Tiger Balm Brothers: Crazy Rich Asians of the 1930s

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Tiger Balm: The magical cure for all pain and your Ah Ma’s prized possession. This ointment is so iconic that even Lady Gaga endorses it and tourists bring it back home as souvenirs.

The men behind the brand were known as the Tiger Balm brothers. They were the OG ballers who also created Haw Par Villa and they led epic lives.

When Boon Haw built the Haw Par Mansion in 1937, he used up all of Singapore’s gold stocks to gild the building’s domes. But the brothers were more than just millionaires with a penchant for luxury. To get to where they were, they depended on their grit and larger-than-life ideas.

When their father died in 1908, Boon Haw and Boon Par inherited a small Chinese medicine business. Over the years, the brothers took the business to a whole new level. While Boon Par zhng-ed the original “Ten Thousand Golden Balm” recipe, Boon Haw marketed the brand.

20 years on, the brothers became the richest men in Rangoon and decided to try their luck in Singapore. At the time, brands normally advertised in newspapers. But Boon Haw wasn’t that basic.

Imagine if Mark Zuckerberg rode around in a car with a 3-D Facebook logo mounted on it. It sounds outrageous, but that was exactly what Boon Haw did with Tiger Balm.

To sell his product, Boon Haw would personally drive the flashy Tiger Mobile into villages. He’d then use the vehicle as bait to attract villagers before making his pitch.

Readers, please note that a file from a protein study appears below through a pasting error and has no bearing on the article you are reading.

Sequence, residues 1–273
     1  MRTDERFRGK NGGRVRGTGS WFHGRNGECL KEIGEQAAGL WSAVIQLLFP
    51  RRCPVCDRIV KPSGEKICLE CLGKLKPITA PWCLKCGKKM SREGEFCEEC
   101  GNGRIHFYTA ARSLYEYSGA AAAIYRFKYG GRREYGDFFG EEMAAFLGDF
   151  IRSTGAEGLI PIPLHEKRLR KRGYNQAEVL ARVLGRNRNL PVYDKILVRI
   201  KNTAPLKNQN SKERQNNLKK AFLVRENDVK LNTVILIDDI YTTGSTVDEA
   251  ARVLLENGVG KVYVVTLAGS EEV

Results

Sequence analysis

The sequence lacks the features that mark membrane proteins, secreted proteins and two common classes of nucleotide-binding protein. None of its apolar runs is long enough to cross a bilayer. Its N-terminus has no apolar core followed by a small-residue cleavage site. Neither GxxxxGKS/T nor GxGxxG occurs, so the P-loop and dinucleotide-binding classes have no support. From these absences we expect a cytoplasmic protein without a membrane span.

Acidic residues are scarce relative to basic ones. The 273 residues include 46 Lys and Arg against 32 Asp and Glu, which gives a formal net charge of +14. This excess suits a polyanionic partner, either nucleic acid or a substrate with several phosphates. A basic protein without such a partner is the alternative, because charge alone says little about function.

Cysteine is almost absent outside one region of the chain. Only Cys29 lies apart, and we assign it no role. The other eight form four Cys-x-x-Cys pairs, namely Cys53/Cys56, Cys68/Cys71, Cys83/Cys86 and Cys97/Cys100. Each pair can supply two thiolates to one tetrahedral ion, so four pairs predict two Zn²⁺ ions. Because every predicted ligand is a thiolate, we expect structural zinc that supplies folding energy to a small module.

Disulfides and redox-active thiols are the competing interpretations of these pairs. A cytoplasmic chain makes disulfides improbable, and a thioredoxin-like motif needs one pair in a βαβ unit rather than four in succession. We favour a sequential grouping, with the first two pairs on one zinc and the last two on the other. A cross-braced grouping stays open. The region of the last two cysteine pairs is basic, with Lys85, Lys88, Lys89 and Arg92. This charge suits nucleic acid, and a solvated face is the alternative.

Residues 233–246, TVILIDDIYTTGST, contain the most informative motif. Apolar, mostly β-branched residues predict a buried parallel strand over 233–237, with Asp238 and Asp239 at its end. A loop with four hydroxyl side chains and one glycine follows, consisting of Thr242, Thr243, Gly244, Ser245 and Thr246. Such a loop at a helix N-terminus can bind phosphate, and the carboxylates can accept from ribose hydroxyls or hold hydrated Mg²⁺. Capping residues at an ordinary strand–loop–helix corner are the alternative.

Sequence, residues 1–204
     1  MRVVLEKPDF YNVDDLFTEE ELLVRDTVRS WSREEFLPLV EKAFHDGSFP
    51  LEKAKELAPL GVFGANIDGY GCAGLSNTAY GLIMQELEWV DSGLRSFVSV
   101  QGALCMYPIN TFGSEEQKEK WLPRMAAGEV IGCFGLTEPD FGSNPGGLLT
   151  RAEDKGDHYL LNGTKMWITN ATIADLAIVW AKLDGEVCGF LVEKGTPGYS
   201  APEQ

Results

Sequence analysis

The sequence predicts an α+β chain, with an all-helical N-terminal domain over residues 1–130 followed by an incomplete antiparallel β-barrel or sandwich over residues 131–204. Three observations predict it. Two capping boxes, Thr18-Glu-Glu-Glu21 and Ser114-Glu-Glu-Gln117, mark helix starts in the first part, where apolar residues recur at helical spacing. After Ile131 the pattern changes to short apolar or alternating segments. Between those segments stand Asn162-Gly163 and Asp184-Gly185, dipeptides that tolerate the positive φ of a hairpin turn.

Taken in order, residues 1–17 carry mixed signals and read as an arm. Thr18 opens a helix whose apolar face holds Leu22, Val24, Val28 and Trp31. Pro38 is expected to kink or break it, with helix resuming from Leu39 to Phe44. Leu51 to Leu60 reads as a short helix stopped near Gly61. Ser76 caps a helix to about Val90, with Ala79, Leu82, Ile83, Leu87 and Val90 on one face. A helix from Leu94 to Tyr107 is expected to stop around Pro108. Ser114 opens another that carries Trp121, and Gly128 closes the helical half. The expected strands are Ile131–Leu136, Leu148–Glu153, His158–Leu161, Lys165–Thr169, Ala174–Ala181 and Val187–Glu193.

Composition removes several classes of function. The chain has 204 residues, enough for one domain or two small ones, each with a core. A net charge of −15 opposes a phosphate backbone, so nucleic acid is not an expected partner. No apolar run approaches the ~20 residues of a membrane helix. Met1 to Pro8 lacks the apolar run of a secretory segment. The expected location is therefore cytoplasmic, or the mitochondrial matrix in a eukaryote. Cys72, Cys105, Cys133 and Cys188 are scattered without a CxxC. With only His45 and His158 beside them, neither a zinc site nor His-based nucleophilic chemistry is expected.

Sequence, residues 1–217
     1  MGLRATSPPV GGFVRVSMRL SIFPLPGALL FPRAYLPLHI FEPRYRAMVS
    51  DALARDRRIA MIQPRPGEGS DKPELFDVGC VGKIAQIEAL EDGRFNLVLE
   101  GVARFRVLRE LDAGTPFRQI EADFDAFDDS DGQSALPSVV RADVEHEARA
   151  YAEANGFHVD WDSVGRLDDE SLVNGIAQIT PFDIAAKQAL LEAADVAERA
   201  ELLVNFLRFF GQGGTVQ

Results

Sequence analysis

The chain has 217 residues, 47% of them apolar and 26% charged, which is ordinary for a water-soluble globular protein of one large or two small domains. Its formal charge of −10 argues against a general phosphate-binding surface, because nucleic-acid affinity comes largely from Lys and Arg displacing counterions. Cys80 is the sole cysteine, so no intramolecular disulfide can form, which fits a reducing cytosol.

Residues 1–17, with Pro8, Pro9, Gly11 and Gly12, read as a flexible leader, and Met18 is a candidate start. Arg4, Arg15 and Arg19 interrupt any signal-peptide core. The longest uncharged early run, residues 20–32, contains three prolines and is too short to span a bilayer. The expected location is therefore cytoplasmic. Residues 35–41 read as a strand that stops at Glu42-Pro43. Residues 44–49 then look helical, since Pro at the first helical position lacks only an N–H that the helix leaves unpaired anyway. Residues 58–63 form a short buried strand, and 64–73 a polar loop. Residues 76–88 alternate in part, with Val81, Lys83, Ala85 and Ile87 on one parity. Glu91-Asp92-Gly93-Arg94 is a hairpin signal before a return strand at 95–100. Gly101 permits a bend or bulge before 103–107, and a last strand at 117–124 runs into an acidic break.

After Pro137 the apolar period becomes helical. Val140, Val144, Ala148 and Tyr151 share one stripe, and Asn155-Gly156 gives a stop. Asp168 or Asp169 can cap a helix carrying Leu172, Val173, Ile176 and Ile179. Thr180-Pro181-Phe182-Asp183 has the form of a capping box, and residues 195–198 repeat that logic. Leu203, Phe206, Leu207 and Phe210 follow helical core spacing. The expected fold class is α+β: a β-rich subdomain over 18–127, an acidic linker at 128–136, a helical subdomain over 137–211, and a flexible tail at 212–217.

Extra as it seems, the Tiger Mobile was used for a very practical reason. Boon Haw realised that newspaper ads only targeted the atas Singaporeans. The Tiger Mobile helped him reach out to the illiterate masses.

By 1931, the brothers were doing so well for themselves that they started work on a very special passion project - The out-of-this-world Tiger Balm Gardens.

Boon Haw’s vision was to teach the public good moral values through Chinese mythology.

He could’ve easily achieved this goal with a conventional museum. But instead, he opted for a 32,000 square foot amusement park filled with demons and human-animal hybrids straight from our nightmares.

In a huge act of brotherly love, Boon Haw actually dedicated the 1-million dollar park to his quieter brother, Boon Par.

He even built a mansion for him within the park’s grounds. At the time, it was the most expensive one-story house on the island. This MTV-crib worthy home was made up of a large central dome surrounded by 6 smaller ones. It was also the first house in Singapore to have a private swimming pool.

The brothers weren’t shy to share the beauty of their villa. They frequently entertained hundreds of guests at one time. Because of the brothers’ influence, they had friends in high places and some were controversial. In 1937, they hosted a garden dinner for an ex-warlord from China.

The Aw brothers were the definition of “Go Big or Go Home”. From advertising to philanthropy, they weren’t the kind to hold anything back. In 1937, the brothers dispatched 60,000 packets of Tiger Balm to victims of a flood in China. Two years later, they donated 43,000 packets of Tiger Balm to the children’s Coronation Committee.

But as the saying goes, all good things must come to an end. By 1954, both brothers had passed away and business was interrupted by inheritance squabbles. Haw Par Villa in Singapore is the last Tiger Balm Garden left as the other two in Hong Kong and China have been demolished and deserted.

That being said, Tiger Balm remains a household name after almost a century. Without the brothers’  crazy ideas and big gestures, Tiger Balm would not be what it is today.